Here, Jenni offers six key aspects to consider:
- Have empathy
You are probably going to see some big emotions, big feelings and potentially some challenging behaviours during the lead up to your move. It is important to allow for that and see it as a period of adjustment and a sign that they are feeling unsettled. So rather than coming down harshly on your child, validate the feelings that are going on behind the behaviours and have empathy instead.
- Think ahead
Parents know their children best, and they know what their child is going to find stressful. They can foresee the situations that will feel most uncertain or unsettling for their child. So take some time to anticipate the potential challenging areas and account for them. For example, if making friends is going to be difficult for your child, you could arrange playdates before the child starts school with some of the children from their class.
- Make time for connection
Connection is the thing in life that makes all human beings feel safe, secure, and confident in themselves. So as hard as it may be when you're moving countries, try to factor in some one-to-one connection time and play with your child, ideally on a daily basis. Building that close rapport with your child and investing in that will save you from the fallout of them feeling disconnected and unsettled when you arrive. Love and connection are our children's currency, and studies show that behaviour improves when children feel really connected and secure with their key attachments.
- Get plenty of rest
There will be so much going on for you and your child when you move, so it's really important to factor in rest time. Unstructured time, just playing, and doing things that really fill up your and your child's emotional cup. Moving to a new country can be overwhelming on our nervous systems, particularly for children; they're taking in new information about pretty much everything that's going on around them, so they need time to process all those new things and just let off a bit of steam. Try not to jam-pack your weekends with lots of fun and adventurous things – do some of it, for sure, but factor in rest time and everyone's nervous systems will benefit.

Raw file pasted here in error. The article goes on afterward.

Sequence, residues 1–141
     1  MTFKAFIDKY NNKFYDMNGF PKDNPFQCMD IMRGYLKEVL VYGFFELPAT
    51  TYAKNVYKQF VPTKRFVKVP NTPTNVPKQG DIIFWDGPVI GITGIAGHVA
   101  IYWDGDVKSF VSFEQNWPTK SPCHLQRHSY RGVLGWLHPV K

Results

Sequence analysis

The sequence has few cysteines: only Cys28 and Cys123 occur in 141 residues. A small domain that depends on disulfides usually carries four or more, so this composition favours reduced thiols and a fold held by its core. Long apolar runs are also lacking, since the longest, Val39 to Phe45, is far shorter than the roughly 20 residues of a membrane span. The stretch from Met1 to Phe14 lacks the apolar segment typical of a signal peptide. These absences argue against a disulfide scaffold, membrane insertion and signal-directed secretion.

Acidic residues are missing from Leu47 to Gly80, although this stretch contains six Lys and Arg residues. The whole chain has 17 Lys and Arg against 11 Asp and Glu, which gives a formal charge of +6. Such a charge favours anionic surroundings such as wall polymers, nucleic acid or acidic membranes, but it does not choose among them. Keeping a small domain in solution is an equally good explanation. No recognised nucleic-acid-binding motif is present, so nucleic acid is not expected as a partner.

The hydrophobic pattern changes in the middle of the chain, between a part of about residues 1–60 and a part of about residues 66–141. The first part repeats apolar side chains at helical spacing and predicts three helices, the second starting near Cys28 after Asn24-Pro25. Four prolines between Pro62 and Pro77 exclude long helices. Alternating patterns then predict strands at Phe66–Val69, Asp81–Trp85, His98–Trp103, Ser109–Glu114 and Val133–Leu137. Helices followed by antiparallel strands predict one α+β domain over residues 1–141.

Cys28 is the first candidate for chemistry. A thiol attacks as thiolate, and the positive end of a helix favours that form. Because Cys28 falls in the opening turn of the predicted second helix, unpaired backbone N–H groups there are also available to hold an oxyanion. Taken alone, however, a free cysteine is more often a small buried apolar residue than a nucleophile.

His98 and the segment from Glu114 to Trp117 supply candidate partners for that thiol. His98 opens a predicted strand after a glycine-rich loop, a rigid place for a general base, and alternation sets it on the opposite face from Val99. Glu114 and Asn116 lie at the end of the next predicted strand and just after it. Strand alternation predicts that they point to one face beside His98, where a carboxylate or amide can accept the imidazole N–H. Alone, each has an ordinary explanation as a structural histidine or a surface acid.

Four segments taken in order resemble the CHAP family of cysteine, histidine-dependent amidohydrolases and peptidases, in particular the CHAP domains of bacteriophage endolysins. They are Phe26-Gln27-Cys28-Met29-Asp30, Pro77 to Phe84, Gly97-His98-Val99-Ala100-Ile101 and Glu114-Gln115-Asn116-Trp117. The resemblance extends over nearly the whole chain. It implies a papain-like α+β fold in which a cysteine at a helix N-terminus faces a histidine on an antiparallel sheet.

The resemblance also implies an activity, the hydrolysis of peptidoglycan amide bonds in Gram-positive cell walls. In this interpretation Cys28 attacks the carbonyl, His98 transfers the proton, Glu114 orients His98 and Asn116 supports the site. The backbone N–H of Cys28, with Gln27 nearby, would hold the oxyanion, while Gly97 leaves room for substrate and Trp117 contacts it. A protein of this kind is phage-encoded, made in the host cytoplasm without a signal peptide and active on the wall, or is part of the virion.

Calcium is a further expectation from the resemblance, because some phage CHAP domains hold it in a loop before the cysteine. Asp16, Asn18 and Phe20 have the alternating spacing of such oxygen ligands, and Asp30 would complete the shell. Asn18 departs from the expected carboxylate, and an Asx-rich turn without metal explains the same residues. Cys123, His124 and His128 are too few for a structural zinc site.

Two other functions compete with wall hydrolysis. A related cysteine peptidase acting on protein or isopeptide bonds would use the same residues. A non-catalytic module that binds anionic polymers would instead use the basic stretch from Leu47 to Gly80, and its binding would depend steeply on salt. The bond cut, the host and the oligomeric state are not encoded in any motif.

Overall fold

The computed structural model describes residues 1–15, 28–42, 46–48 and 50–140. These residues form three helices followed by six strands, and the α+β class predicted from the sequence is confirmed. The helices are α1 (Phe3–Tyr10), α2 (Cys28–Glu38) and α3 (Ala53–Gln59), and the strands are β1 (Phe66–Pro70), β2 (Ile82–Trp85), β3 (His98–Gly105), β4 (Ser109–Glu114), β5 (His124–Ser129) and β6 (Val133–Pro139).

- Familiarise your family with what they can expect
Try to familiarise your child with some of the new experiences they'll be coming into contact with as much as you can before you move. Prepare your child by sharing the photos of where you're going to live; if you've got relatives over there, make sure you have video calls with them; if you've been on holiday there before, maybe you could create a scrapbook of all the places that you've been and that you might go to again; take a look at their school's website together and answer any questions that might pop up. If we can give them as much information before they go, it can feel less unsettling for them when they arrive.
- Embrace emotional expression
The likelihood is they will have lots of different feelings about this move. Allowing space and time for them to express those emotions – whether it's excitement, fear, the sadness of leaving their friends and family, or frustration because it's not necessarily their choice – validate those feelings without judgement. The more we allow children to express themselves, the less likely those emotions will get repressed and stuck in their system and the less turbulent they will feel emotionally.
If you are concerned about your child, please do speak to a health professional.